Tool and die makers make repair and modify custom-made prototype or special tools dies jigs fixtures and gauges using various metals alloys and plastics which require precise dimensions. They are employed primarily in manufacturing industries such as automobile aircraft metal fabrication electrical machinery and plastics and in tool and die mould making and machine shops. This unit group also includes metal patternmakers and metal mould makers.;


Further Positions within the term of Tool and die maker include:


  • Aircraft jig and template maker
  • Aircraft jig and tool maker
  • Apprentice tool and die maker
  • Bench die cutter
  • Bench die fitter
  • Bench die sinker
  • Bench jig maker
  • Bench stamping die maker
  • Bench tool maker
  • Carbide tool maker
  • Diamond saw maker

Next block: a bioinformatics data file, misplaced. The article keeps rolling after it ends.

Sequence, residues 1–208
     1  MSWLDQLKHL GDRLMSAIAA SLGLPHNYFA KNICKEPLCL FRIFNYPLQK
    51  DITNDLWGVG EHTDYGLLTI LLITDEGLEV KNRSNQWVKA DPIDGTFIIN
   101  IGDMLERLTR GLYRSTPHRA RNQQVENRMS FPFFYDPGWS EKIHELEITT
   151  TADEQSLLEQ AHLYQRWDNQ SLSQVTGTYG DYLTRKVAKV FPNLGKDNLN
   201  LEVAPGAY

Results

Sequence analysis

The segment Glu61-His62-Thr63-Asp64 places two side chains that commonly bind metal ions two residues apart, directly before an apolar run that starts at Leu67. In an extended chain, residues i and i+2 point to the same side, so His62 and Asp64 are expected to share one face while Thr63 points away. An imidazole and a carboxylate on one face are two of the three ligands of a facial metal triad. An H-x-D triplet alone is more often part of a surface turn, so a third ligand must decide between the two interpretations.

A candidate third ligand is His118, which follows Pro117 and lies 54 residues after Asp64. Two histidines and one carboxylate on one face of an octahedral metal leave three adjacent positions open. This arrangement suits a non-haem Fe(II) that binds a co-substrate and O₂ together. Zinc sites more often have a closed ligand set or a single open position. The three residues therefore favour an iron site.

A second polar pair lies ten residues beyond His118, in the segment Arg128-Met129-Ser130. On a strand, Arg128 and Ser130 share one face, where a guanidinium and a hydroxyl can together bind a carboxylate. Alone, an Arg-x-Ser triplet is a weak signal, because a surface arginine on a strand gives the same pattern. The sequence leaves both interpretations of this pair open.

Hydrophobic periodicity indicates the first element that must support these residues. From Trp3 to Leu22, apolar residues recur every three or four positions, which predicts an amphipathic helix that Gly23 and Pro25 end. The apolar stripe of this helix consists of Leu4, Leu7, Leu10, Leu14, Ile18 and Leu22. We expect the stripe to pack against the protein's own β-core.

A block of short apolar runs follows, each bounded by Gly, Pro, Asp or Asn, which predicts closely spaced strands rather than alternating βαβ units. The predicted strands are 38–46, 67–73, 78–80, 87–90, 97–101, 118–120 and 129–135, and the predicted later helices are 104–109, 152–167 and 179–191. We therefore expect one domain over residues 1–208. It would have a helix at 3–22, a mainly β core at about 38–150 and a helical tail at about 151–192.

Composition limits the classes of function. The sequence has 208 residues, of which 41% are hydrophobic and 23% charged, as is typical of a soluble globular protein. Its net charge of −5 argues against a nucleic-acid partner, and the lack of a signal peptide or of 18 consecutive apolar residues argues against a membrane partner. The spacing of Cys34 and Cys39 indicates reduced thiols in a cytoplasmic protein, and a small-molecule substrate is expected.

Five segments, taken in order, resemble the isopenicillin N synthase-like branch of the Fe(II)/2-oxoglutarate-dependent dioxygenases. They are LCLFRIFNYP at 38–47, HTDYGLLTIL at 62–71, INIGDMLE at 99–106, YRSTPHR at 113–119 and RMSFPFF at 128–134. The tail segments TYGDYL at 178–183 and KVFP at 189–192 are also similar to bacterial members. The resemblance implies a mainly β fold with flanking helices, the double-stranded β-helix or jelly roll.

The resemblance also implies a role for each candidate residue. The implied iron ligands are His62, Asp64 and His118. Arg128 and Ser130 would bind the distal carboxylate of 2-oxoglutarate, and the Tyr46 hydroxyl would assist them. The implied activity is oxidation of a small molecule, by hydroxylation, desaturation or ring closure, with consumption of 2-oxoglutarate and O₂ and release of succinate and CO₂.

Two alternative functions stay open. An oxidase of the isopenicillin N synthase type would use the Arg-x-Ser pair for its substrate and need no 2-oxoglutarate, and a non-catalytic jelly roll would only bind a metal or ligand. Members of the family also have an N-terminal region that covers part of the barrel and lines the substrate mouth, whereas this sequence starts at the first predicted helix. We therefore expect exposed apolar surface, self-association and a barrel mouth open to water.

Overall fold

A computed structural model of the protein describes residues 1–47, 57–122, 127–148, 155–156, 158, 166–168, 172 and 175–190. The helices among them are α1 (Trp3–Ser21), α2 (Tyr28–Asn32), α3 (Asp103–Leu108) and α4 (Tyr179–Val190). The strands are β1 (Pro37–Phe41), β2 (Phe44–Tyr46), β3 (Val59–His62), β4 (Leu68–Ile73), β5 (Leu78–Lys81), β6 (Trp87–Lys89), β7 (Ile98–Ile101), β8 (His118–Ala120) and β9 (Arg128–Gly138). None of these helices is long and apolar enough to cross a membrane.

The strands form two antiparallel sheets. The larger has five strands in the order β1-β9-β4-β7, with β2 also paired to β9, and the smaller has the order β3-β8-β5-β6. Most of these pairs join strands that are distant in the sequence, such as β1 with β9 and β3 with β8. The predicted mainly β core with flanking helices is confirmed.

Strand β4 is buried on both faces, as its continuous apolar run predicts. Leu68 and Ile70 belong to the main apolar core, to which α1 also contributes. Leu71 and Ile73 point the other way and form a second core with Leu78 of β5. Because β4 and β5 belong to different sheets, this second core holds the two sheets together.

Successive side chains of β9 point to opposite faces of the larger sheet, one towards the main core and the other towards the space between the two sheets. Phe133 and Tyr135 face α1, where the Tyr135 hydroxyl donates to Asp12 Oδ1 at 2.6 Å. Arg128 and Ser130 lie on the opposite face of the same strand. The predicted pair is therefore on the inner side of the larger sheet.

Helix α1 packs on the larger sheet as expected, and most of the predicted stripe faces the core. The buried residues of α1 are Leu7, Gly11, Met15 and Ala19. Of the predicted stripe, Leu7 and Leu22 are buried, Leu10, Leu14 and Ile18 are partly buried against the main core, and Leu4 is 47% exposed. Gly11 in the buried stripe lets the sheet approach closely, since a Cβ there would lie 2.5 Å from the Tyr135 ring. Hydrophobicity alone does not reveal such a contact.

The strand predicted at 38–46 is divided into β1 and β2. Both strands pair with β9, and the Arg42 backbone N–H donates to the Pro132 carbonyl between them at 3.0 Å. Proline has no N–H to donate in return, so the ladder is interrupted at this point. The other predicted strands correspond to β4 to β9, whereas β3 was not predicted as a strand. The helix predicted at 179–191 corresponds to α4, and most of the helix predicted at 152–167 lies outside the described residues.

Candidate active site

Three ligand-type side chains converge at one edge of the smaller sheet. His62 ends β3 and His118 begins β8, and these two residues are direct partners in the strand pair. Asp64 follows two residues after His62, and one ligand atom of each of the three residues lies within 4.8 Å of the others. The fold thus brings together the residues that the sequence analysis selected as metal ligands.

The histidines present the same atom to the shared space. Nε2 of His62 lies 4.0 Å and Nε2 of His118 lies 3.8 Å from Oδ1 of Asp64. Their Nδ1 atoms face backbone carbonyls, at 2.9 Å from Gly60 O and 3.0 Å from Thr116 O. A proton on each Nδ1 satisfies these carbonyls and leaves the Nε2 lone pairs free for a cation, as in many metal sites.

• Diamond tool maker
  • Die cutter
  • Die cutter – metalworking
  • Die finisher
  • Die fitter
  • Die maker
  • Die maker – jewellery
  • Die mouldmaker
  • Die reamer
  • Die repairer
  • Die repairman/woman
  • Die sinker
  • Die sinker – metalworking
  • Diecast diemaker
  • Extrusion die template maker
  • Forging die finisher
  • Forging die maker
  • Gauge maker – tool and die
  • Injection moulding tool and die maker
  • Injection mouldmaker
  • Jewellery die cutter
  • Jewellery die sinker
  • Jig and form maker
  • Jig maker
  • Jig maker – die casting and plastic moulding
  • Jig maker – metal products manufacturing
  • Jig-bore tool maker


If your position is on the above list, you have found your relevant NOC Code, it is 7232

How Do I Move to Canada to Live and Work as a Tool or die maker?